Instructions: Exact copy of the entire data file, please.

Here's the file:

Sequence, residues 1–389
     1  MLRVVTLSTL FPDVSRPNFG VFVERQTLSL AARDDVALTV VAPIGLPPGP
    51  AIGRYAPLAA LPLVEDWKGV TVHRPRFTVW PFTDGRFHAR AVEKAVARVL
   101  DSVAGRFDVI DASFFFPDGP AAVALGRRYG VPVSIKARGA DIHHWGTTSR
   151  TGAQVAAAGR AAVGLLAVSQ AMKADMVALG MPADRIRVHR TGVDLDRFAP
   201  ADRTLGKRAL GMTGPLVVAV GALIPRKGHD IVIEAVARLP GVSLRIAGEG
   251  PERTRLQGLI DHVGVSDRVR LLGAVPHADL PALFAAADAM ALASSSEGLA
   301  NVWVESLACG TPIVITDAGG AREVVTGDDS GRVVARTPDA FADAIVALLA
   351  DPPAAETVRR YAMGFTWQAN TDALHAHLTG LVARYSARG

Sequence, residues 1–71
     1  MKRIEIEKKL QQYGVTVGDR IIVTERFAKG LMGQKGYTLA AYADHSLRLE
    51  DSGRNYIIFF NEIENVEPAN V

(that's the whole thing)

Sequence, residues 1–389
     1  MLRVVTLSTL FPDVSRPNFG VFVERQTLSL AARDDVALTV VAPIGLPPGP
    51  AIGRYAPLAA LPLVEDWKGV TVHRPRFTVW PFTDGRFHAR AVEKAVARVL
   101  DSVAGRFDVI DASFFFPDGP AAVALGRRYG VPVSIKARGA DIHHWGTTSR
   151  TGAQVAAAGR AAVGLLAVSQ AMKADMVALG MPADRIRVHR TGVDLDRFAP
   201  ADRTLGKRAL GMTGPLVVAV GALIPRKGHD IVIEAVARLP GVSLRIAGEG
   251  PERTRLQGLI DHVGVSDRVR LLGAVPHADL PALFAAADAM ALASSSEGLA
   301  NVWVESLACG TPIVITDAGG AREVVTGDDS GRVVARTPDA FADAIVALLA
   351  DPPAAETVRR YAMGFTWQAN TDALHAHLTG LVARYSARG

Sequence, residues 1–71
     1  MKRIEIEKKL QQYGVTVGDR IIVTERFAKG LMGQKGYTLA AYADHSLRLE
    51  DSGRNYIIFF NEIENVEPAN V